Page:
So, in An Account of auntient Customes and Games, &c. MSS. Harl. 2057, fol. 10, b:
“To wrestle, play at strole-ball, (stool-ball] or to runne,
“To picke the barre, or to shoot off a gun.” The word is again used in King Henry VIII, with only a slight variation in the spelling: “I'll peck you o’er the pales else.” See Vol. XI, p. 352, n. 3. Malone.
2 — the heart of generosity.) To give the final blow to the nobles. Generosity is high birth. Fohnson. · So, in Measure for Measure: • “The generous and gravest citizens -.” Steevens.
3 - hang them on the horns o' the moon,] So, in Antony and Cleopatra:
"" Let me lodge Lichas on the horns o' the moon.” Steevens. 4 Shouting their emulation.] Each of them striving to shout louder than the rest. Malone.
Emulation, in the present instance, I believe, signifies faction. Shouting their emulation, may mean, expressing the. triumph of their faction by shouts.
Emulation, in our author, is sometimes used in an unfavourable sense, and not to imply an honest contest for superior excellence. Thus, in King Henry VI, P. I:
" the trust of England's honour
"Keep off aloof with worthless emulation." Again, in Troilus and Cressida:
“While emulation in the army crept.” i, e. faction. Steevens.
The rabble should have first unroof'd the city,5
This is strange.
Enter a Messenger. Mess. Where 's Caius Marcius? Mar.
Here: What's the matter? Mess. The news is, sir, the Volces are in arms. Mar. I am glad on 't; then we shall have means to
vent Our musty superfluity:~See, our best elders. Enter COMINIUS, Titus LARTIUS, and other Senators;
JUNIUS BRUTUS, and SICINIUS VELUTUS.
They have a leader,
You have fought together.
Then, worthy Marcius,
Com. It is your former promise.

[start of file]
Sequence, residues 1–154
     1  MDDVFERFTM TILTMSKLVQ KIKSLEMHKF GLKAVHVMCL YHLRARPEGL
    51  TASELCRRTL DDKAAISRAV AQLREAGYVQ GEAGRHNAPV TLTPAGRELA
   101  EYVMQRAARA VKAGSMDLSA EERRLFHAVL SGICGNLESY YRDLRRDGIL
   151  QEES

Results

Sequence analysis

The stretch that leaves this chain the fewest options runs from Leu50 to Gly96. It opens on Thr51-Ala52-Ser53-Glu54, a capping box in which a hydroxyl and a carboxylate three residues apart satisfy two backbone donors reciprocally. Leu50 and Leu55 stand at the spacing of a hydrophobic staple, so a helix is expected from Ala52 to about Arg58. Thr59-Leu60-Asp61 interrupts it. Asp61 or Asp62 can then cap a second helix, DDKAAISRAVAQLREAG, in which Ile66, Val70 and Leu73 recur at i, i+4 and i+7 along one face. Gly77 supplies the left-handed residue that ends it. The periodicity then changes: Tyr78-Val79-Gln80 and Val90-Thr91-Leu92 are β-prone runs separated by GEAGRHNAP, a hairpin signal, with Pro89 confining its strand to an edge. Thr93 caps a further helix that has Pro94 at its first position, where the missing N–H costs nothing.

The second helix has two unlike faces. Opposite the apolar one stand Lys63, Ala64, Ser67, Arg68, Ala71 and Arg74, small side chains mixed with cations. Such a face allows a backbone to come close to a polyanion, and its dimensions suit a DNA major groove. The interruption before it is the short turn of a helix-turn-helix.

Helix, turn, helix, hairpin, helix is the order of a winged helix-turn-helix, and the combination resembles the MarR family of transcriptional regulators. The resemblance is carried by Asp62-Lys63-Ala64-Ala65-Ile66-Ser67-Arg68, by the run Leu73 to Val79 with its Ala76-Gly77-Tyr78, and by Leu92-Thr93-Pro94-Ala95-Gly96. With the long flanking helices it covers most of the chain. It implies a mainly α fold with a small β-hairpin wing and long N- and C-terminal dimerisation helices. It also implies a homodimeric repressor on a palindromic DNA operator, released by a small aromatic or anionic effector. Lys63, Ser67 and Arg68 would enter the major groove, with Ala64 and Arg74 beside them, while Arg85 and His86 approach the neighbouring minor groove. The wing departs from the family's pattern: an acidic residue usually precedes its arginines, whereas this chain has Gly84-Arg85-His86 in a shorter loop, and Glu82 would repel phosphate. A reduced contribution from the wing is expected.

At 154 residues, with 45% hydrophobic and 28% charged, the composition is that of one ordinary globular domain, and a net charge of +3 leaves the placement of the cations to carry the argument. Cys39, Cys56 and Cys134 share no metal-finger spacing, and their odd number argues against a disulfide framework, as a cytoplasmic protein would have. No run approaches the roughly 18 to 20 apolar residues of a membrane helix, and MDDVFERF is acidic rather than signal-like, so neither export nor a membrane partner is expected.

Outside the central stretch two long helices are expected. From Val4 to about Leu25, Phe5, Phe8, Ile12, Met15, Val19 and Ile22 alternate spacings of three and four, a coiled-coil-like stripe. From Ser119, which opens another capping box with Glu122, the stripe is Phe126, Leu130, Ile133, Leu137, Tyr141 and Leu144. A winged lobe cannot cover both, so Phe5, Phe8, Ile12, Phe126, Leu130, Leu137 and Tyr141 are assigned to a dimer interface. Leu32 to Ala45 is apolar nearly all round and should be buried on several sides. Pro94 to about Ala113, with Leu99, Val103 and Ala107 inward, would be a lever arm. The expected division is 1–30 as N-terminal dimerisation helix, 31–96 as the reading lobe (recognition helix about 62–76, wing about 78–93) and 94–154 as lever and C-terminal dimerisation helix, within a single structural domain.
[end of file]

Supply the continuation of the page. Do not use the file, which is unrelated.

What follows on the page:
Sir, it is;
S u nroof'd the city,] Old copy—unroost. Corrected by Mr. Rowe. Malone. 6 For insurrection's arguing.] For insurgents to debate upon.
Malone. 7 'Tis true, that you have lately told us;
The Volces are in arms.] Coriolanus had been just told himself that the Volces were in arms. The meaning is, The intelligence which you gave us some little time ago of the designs of the Volces is now verified; they are in arms. Fohnson.
8- constant.] i. e. immoveable in my resolution. So, in Julius Cæsar:
“But I am constant as the northern star.” Steevens.
Shalt see me once more strike at Tullus' face:
No, Caius Marcius; •
0, true bred! 1 Sen. Your company to the Capitol; where, I know, Our greatest friends attend us.
Lead you on:-
Noble Lartius!1 i Sen. Hence! To your homes, be gone. [To the Citizens. Mar.
Nay, let them follow: The Volces have much corn; take these rats thither, To gnaw their garners:—Worshipful mutineers, Your valour puts well forth:2 pray, follow.
[Exeunt Senators, Com. Mar. Tit. and
MENEN. Citizens steal away. Sic. Was ever man so proud as is this Marcius? Bru. He has no equal. Sic. When we were chosen tribunes for the peos
ple, Bru. Mark'd you his lip, and eyes? Sic.
Nay, but his taunts, Bru. Being mov'd, he will not spare to gird3 the gods.
9 Right worthy you priority.) You being right worthy your precedence. Malone.
Mr. M. Mason would read—your priority. Steevens.
1 Noble Lartius !] Old copy-Martius. Corrected by Mr. Theobald. I am not sure that the emendation is necessary. Perhaps Lartius in the latter part of the preceding speech addresses Marcius. Malone.
2 Your valour puts well forth:] That is, You have in this mutiny shown fair blossoms of valour. Johnson. So, in King Henry VIII:
“ To-day he puts forth
Malone 3. to gird -] To sneer, to gibe. So Falstaff uses the noun, when he says, every man has a gird at me. Fohnson. Again, in The Taming of the Shrew.
“I thank thee for that gird, good Tranio." Many instances of the use of this word, might be added.